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Winter 2001, Vol. 1, No.1

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Case studies examining the economic impact of the "Forests and Fish" rules on NIPF Landowners
By Kevin Zobrist, UW-CFR
Graduate Student

In response to the listing of salmon under the Endangered Species Act (ESA), a caucus of federal and state agencies, industry, non-industrial private landowners, and Native American tribes developed a new Forests and Fish Agreement. New forest practice rules affecting riparian zones have been developed from this agreement to meet the requirements of the ESA and Clean Water Act. The rules for Western Washington established riparian buffer for fish-bearing streams that extends to approximately 170 feet (depending on the site) on either side of the stream. The buffer is divided into 3 zones as follows:

  1. Core Zone: No harvesting allowed.
  2. Inner Zone: Partial harvest is allowed under two options if minimum basal area requirements to meet Desired Future Condition (DFC) are met.
          Option 1: Thin From Below
          Option 2: Leave trees closes to the stream ("whack and pack")
  3. Outer Zone: Harvest is allowed, but 20 trees per acre of 12" in diameter must be retained.
The purpose of this study is to examine the economic impacts of these riparian buffers on small, non-industrial private forest (NIPF) landowners, and specifically to examine the extent and disparity of these impacts. The SBEIS (Small Business Economic Impact Statement) has already looked at the average impacts on NIPF landowners, but this only tells part of the story. With these case studies, we are able to gain a more detailed perspective on how small landowners are impacted, where they are falling in relation to this average, and what sort of disparity is created. It is important to go beyond statistical averages and look in depth at how actual landowners are impacted by the new rules, what factors drive those impacts, and what can be done to mitigate those impacts. Several NIPF landowners in Lewis County, WA have volunteered their property for use in this study.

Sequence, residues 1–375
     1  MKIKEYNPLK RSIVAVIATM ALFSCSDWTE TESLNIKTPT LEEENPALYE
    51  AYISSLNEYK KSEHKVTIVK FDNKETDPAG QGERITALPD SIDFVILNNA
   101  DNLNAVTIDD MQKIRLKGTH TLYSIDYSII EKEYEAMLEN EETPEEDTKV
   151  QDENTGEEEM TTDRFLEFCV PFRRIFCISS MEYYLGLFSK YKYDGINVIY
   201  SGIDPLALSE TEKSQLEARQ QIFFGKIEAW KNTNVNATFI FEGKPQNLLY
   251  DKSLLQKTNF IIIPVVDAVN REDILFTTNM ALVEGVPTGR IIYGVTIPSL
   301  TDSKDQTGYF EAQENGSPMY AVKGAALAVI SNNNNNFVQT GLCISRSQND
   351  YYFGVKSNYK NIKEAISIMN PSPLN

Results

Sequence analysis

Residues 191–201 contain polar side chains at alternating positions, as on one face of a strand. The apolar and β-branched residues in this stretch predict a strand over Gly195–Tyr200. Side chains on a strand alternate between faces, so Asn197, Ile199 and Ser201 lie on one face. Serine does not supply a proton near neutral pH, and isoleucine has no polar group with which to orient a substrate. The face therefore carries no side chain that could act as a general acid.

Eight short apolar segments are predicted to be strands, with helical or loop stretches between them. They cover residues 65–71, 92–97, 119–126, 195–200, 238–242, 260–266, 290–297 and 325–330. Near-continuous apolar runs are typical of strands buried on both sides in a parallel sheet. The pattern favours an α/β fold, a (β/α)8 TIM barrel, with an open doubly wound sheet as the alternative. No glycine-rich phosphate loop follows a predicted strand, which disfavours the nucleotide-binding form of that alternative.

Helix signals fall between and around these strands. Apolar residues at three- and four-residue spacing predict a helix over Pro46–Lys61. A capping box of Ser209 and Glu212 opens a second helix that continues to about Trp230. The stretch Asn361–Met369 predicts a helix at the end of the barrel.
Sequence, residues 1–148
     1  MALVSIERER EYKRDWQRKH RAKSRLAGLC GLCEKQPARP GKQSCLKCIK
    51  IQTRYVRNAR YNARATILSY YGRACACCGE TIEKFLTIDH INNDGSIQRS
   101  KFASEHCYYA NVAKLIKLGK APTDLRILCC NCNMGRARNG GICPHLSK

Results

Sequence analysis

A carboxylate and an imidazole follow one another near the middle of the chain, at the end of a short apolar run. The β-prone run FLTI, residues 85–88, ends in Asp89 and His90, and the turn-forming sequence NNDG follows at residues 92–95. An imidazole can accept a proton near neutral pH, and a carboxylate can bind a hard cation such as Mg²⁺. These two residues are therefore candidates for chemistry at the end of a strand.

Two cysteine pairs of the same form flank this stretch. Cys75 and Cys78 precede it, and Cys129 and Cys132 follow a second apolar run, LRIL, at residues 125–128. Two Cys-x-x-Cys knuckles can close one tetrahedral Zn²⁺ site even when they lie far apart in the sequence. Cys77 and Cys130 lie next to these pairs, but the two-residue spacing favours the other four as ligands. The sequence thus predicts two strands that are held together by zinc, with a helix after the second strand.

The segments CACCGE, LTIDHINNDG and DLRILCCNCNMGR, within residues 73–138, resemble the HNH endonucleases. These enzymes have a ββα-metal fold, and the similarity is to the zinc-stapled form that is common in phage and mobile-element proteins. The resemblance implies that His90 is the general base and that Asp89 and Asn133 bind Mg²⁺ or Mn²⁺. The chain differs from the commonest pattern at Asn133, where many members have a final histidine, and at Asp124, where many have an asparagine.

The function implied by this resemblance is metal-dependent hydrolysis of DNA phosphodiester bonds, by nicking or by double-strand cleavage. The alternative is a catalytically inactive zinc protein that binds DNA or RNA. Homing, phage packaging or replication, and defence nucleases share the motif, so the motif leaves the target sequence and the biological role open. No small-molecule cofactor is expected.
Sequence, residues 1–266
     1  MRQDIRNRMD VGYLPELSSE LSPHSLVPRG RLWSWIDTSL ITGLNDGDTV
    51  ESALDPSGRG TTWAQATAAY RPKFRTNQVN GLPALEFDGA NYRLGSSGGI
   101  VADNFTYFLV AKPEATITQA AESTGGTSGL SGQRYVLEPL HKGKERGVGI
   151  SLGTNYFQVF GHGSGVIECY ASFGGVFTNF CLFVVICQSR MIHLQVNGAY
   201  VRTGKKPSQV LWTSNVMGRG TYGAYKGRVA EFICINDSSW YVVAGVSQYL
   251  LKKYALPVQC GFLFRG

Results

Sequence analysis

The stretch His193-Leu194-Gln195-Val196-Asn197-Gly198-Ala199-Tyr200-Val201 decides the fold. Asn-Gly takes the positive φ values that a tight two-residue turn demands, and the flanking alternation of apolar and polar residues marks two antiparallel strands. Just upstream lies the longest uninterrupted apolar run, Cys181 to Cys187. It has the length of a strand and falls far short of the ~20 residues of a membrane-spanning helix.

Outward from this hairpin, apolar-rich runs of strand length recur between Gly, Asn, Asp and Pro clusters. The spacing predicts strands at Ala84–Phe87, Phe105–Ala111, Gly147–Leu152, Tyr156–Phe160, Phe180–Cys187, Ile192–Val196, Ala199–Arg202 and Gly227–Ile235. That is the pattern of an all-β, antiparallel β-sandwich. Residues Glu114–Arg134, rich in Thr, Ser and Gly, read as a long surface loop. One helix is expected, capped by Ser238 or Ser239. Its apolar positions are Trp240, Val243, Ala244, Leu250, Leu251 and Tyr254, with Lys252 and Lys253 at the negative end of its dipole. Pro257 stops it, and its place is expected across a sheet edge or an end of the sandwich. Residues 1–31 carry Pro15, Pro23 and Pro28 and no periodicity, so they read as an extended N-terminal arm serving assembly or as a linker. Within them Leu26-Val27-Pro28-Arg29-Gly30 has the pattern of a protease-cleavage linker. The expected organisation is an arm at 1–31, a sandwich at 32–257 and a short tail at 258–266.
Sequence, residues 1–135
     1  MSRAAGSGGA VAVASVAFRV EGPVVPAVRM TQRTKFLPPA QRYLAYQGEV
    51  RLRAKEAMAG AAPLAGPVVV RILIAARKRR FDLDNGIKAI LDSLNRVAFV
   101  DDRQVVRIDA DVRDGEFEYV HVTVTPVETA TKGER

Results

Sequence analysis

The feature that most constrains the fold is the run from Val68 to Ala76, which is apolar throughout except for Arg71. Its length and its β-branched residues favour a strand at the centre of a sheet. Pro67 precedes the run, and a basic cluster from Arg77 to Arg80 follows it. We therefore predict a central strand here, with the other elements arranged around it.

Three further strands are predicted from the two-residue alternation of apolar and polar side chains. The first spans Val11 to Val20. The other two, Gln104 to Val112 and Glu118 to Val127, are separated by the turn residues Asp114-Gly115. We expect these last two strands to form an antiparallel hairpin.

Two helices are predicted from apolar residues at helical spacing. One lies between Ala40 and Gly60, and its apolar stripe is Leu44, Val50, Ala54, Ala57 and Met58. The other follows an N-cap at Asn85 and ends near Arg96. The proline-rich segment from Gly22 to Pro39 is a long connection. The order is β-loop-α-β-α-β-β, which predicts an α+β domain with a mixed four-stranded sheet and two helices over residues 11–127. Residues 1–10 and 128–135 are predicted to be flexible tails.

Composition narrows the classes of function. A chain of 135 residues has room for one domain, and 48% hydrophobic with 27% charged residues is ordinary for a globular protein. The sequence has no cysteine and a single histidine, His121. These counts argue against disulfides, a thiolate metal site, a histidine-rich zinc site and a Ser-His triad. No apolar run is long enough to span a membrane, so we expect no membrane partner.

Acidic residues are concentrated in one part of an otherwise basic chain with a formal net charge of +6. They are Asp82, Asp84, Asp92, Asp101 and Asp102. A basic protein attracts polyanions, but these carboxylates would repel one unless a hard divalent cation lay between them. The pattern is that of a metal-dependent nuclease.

For each case study, management of the property is simulated using GIS and computer growth models for five different scenarios:

  1. Baseline scenario - management under the previous forest practice regulations
  2. Forests/Fish rules with no harvest in the riparian zone
  3. Forests/Fish rules with harvest included in the outer zone
  4. Forests/Fish rules with harvest in the outer zone and partial removal in the inner zone under option 1
  5. Forests/Fish rules with harvest in the outer zone and partial removal in the inner zone under option 2
An economic analysis is done to compute the estimated timber value, bare land value, and total forest value for each scenario. The results of the Forests and Fish scenarios can then be compared to the baseline scenario to examine the incremental impact of the new requirements. It is hoped that from these case studies best strategies for small landowners will emerge. Three case studies have been completed so far.
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